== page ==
So far, the story of EVs has been that the range is the headache, not maintenance. The mechanics of EVs are supposedly simpler than the traditional gas-burners. I guess that makes sense; there are far fewer moving parts, hoses, lubricants, and the list can go on and on. Fewer parts mean fewer things to go wrong. Well, it may not be quite as simple as all that. The Audi E-Tron and the Kia Niro EV have seen more than their fair share of reliability issues lately.
The Audi E-Tron and Kia Niro fall from grace
According to Autoblog, both the Audi E-Tron and Kia Niro have been removed from Consumer Reports’ list of cars they recommend. The drive system of the E-Tron kept experiencing electrical failures along with other power-equipment issues. The Niro has had issues with the electric-motor bearings going out. Although Tesla didn’t get the boot, the Model Y is having trouble with the build quality. There have been reports of misaligned body panels and poor paint quality. What is going on with EVs?
Audi E-Tron and Kia Niro EV have been put on notice by CR
CR has taken both the Audi E-Tron and Kia Niro EV off their list, for now. The Tesla Model Y was not removed from the recommended list because the Model Y was never on there, to begin with. Burn.
K.I.S.S. (Keep It Simple, Stupid)
Although this acronym is clearly very outdated, it may still hold water. Autoblog mentions that CR found that the simpler, less luxurious EVs hold onto their spots on the recommended list much better than the upper crust electric cars. The Chevrolet Bolt and the Nissan Leaf are two such examples that have remained reliable and steadfast.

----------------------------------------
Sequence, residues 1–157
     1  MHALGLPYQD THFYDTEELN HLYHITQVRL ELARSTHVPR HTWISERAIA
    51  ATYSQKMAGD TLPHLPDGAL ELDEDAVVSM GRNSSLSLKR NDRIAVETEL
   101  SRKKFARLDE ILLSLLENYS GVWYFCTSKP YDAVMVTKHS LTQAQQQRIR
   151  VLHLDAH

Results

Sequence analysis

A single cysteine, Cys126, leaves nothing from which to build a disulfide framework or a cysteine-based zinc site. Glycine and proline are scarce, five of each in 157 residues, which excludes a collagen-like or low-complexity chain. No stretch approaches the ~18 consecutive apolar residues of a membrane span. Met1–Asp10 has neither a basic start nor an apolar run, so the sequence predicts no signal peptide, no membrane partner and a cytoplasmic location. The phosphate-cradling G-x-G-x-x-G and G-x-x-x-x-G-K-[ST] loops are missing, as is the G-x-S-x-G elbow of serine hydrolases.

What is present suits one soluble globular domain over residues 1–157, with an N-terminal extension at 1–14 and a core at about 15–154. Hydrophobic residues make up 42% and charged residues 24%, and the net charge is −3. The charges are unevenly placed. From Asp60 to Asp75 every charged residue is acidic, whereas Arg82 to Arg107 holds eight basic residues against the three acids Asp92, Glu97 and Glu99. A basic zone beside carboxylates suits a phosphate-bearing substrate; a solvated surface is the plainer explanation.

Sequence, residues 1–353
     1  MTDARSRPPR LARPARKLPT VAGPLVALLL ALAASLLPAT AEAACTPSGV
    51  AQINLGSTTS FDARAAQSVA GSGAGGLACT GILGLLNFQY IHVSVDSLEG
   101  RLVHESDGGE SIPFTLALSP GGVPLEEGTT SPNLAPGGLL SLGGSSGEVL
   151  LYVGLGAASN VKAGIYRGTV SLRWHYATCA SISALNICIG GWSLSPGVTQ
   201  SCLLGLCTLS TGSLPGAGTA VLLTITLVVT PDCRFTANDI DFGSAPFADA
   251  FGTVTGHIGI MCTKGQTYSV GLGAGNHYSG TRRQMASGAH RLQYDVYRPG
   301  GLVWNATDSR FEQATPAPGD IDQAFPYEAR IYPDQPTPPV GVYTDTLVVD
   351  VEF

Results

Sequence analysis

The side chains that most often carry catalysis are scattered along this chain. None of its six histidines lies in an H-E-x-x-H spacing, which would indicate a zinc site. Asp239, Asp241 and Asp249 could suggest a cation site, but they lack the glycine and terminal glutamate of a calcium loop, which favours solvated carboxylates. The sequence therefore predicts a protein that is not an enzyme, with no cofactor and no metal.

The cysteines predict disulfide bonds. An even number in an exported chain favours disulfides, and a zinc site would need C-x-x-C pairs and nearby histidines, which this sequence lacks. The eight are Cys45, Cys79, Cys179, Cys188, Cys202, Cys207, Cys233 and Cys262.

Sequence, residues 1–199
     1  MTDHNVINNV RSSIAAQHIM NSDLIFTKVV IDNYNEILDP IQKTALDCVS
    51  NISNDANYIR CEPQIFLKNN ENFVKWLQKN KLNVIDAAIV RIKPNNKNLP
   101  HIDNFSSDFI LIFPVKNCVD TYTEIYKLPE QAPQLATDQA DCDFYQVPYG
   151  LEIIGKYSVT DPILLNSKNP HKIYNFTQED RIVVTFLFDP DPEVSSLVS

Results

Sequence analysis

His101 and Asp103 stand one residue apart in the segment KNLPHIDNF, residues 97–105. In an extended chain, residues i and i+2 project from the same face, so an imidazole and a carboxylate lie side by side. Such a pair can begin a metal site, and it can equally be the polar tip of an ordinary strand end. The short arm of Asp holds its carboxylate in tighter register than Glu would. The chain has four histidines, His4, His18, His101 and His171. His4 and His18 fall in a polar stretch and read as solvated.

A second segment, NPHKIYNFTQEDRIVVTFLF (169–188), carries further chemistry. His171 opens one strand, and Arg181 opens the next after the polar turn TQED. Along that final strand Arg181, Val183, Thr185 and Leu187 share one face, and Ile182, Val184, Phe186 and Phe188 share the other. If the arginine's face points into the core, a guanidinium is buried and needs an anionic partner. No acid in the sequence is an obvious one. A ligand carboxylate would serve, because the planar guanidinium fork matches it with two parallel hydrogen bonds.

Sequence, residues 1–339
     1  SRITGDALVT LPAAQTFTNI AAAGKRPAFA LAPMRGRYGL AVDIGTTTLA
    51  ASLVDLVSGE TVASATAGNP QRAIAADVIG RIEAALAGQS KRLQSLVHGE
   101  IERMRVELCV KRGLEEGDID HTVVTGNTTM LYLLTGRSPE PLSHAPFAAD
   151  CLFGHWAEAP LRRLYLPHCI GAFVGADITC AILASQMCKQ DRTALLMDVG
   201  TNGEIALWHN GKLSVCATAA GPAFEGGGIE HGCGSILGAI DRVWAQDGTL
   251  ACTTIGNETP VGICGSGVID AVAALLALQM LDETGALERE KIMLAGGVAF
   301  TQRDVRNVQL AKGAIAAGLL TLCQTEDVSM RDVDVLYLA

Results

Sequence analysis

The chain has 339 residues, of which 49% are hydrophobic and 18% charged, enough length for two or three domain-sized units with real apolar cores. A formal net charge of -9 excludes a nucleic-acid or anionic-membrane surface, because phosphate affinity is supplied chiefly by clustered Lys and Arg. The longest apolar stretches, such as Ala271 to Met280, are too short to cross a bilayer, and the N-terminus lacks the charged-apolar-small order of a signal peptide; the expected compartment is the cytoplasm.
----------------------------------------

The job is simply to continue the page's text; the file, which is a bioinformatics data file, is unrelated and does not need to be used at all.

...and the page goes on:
These EV issues have far-reaching ripples
The controversy of it all is that due to the surprising issues that plague the Kia Niro and the Audi E-Tron, that has lowered the predicted reliability score of other EVs that have yet to come out and hence haven’t been tested by CR. Models like the Mustang Mach-E and the Mercedes-Benz EQC got caught up with the others. They haven’t even had a chance to be screwed up, but I guess it’s fair to say, Consumer Reports ain’t come here to play no games.
Does this soil the promise of EVs?
I don’t think so. Typically when an automaker comes out with a brand-new design or technology, the earliest versions have some growing pains. EVs at this level of performance and luxury hasn’t been out for all that long. There are plenty of kinks to work out. Look at the early range issues, for example. Five years ago, “range anxiety” dominated the EV scene. Many people who were very interested and even excited about owning an EV stayed away because no one had cracked the code on longer driving ranges and/or faster charging times. These early issues have since been solved but hindered the success of early models.
Give EVs time to grow and let the manufacturing process learn how to build these things with precision and consistency. Again, if you look at the range issue, this was handled fairly quickly, and the failure of certain parts within a new technological sphere is to be expected and will be addressed soon, I would assume. Audi and Kia say they are both aware of these issues, which should mean a solution is inbound.